Former Everton manager Howard Kendall has died at the age of 69.
Everton confirmed the news on Saturday morning and hailed him as their "most successful manager."
In a statement, the club announced: "It is with great sadness that Everton Football Club has learned of the passing of Howard Kendall."
"The most successful manager in the history of the club and one of the greatest players to pull on the Everton jersey. He passed away in hospital in Southport this morning at the age of 69, surrounded by loved ones.
"The thoughts of everyone associated with the club are with Howard's family at this difficult time."
Gary Lineker, who Kendall signed for Everton, tweeted: "Saddened to hear that Howard Kendall has passed away. Brilliantly managed the best club side I ever played for at Everton. Great bloke."
Sky Sports' Jamie Carragher tweeted: "RIP Howard Kendall the greatest EFC manager there's been. He gave me some of my best football memories especially in the 84/85 season."
Liverpool legend Kenny Dalglish added: "Very very sad news about Howard Kendall. Total respect for him as a player manager and person. Fantastic character. Be sadly missed. A legend."
As a player he became the youngest FA Cup finalist as a 17-year-old with Preston in 1964. With Everton he won the First Division title in 1969 as part of the famous 'Holy Trinity' along with Alan Ball and Colin Harvey.
But undoubtedly his best achievements came when he returned to Goodison Park in 1981 as manager.
Kendall ended a 14-year trophy drought by winning the FA Cup in 1984, beating Watford 2-0 in the final, and reaching the League Cup final - then the Milk Cup - where they lost to Liverpool.
The following season was the greatest in the club's history - they won the First Division title and the European Cup Winners' Cup, beating Rapid Vienna 3-1 in the final.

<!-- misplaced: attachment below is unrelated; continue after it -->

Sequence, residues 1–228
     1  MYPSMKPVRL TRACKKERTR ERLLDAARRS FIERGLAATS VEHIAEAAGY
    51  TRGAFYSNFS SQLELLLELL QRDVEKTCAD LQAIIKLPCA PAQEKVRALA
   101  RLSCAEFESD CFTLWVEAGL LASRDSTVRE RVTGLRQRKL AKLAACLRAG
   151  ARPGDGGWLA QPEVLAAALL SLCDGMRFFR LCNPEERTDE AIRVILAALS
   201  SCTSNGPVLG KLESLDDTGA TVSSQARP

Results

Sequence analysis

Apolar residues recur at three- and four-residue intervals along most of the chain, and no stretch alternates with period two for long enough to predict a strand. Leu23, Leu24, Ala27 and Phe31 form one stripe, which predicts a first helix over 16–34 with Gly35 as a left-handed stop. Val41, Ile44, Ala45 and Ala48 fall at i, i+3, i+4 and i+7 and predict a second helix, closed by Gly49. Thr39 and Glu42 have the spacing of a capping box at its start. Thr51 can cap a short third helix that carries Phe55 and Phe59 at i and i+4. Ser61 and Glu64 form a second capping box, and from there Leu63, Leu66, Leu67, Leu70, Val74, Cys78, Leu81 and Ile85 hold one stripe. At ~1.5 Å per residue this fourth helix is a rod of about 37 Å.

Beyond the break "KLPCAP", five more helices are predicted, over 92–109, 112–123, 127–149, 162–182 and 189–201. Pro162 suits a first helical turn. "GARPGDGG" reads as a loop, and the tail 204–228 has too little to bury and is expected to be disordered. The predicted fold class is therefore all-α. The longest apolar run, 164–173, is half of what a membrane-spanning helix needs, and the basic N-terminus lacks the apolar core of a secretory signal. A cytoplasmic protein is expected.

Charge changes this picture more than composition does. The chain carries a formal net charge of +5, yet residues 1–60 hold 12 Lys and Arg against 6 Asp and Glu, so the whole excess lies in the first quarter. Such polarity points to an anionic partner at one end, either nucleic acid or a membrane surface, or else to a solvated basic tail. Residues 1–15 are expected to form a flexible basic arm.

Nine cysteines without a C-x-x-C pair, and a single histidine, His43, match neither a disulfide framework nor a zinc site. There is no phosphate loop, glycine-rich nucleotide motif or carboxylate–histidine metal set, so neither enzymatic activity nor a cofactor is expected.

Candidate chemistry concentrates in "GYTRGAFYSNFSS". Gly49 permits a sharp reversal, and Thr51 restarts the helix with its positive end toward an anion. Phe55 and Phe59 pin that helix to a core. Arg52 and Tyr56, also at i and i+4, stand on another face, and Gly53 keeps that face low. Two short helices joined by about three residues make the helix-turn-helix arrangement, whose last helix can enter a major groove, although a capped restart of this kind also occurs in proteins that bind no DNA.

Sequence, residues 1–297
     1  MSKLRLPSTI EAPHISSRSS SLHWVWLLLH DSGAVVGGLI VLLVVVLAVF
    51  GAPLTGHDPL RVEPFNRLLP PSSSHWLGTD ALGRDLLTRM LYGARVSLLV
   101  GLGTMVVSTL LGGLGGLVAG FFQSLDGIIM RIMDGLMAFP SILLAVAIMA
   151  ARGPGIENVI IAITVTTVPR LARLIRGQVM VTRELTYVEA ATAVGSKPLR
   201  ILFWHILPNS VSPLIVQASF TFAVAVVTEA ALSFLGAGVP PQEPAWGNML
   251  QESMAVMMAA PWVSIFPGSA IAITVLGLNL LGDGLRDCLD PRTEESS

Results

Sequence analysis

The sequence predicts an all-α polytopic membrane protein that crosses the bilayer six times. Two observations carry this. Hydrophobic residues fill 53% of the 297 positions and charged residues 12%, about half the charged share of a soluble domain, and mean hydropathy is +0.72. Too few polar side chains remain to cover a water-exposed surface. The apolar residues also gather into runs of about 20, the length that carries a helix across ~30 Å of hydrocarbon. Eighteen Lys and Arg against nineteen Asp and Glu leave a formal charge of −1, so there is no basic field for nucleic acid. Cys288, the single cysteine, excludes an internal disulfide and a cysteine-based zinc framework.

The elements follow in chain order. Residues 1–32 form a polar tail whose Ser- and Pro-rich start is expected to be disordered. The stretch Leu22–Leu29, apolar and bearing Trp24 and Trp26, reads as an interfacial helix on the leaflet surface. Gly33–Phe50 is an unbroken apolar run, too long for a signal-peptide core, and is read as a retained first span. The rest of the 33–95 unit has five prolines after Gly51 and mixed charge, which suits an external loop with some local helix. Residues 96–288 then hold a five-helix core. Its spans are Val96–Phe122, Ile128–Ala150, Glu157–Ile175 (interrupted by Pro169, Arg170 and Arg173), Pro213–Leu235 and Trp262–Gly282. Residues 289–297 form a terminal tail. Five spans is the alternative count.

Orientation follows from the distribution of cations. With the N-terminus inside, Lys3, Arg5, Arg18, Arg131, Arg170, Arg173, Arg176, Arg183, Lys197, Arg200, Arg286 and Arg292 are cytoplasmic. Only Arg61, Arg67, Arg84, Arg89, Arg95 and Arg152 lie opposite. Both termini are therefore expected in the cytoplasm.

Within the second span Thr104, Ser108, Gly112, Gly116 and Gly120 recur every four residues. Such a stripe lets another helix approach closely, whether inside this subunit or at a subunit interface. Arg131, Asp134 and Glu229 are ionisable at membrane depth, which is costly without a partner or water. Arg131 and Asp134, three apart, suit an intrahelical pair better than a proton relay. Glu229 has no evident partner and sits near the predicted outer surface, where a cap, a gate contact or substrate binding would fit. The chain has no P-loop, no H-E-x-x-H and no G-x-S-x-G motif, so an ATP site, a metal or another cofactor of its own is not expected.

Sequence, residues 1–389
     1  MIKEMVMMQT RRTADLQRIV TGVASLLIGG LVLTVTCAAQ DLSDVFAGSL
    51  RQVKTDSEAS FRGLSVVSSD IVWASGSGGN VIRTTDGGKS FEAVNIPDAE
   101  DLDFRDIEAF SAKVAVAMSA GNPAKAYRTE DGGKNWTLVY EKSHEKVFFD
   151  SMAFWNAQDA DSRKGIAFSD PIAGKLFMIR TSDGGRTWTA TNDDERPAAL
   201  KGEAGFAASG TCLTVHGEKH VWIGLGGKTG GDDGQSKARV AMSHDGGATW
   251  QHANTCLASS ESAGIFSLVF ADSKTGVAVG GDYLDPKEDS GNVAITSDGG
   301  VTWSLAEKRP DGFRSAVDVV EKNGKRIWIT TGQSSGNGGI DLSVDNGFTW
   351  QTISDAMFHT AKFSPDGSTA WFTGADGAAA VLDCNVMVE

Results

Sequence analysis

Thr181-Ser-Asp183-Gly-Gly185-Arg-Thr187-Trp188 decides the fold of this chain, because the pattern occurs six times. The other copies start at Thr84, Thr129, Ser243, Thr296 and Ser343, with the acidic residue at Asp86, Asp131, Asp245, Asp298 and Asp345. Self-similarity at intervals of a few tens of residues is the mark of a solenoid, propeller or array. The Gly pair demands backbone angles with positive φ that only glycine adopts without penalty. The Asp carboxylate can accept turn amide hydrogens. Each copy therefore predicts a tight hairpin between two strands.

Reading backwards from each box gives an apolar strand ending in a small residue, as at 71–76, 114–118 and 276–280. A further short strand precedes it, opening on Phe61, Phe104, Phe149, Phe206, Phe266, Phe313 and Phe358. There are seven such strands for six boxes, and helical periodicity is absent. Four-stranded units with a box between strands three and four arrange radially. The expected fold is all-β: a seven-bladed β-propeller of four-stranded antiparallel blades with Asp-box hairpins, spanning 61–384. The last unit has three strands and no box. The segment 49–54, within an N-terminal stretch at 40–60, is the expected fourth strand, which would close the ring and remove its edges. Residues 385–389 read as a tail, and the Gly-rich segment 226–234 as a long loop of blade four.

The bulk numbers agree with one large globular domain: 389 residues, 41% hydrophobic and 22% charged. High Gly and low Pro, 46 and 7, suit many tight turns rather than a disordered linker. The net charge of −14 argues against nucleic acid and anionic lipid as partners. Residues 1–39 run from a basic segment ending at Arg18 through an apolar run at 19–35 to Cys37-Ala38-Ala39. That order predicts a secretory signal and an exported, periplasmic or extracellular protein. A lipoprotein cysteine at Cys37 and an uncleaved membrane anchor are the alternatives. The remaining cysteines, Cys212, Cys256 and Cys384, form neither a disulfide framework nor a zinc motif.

Kendall guided Everton to the First Division title again in 1986/87, but with English clubs banned from Europe, he chose to leave, moving to Athletic Bilbao.
The team he assembled in the 1980s made them a powerhouse of European football. Kendall brought through the likes of Neville Southall, Kevin Ratcliffe, Derek Mountfield, Graeme Shape, Trevor Steven, Peter Reid and Kevin Sheedy, turning them into household names. He bought well too, bringing in the likes of Andy Gray and Lineker who were hugely successful strikers for him.
Kendall, who started his managerial career at Blackburn Rovers, went on to take charge at Athletic Bilbao, Manchester City, Greek side Xanthi, Notts County, Sheffield United and another Greek side, Ethnikos Pireus, as well as two more spells with the Toffees.
In 2005 he was inducted into English football's Hall of Fame.
Following the sad death of Howard Kendell today, a very special episode of Time of Our Lives will air at 4pm on Sky Sports 1 HD, looking at Everton's championship-winning team of the 1970's. Joe Royle, Colin Harper and Howard were guests with Jeff Stelling.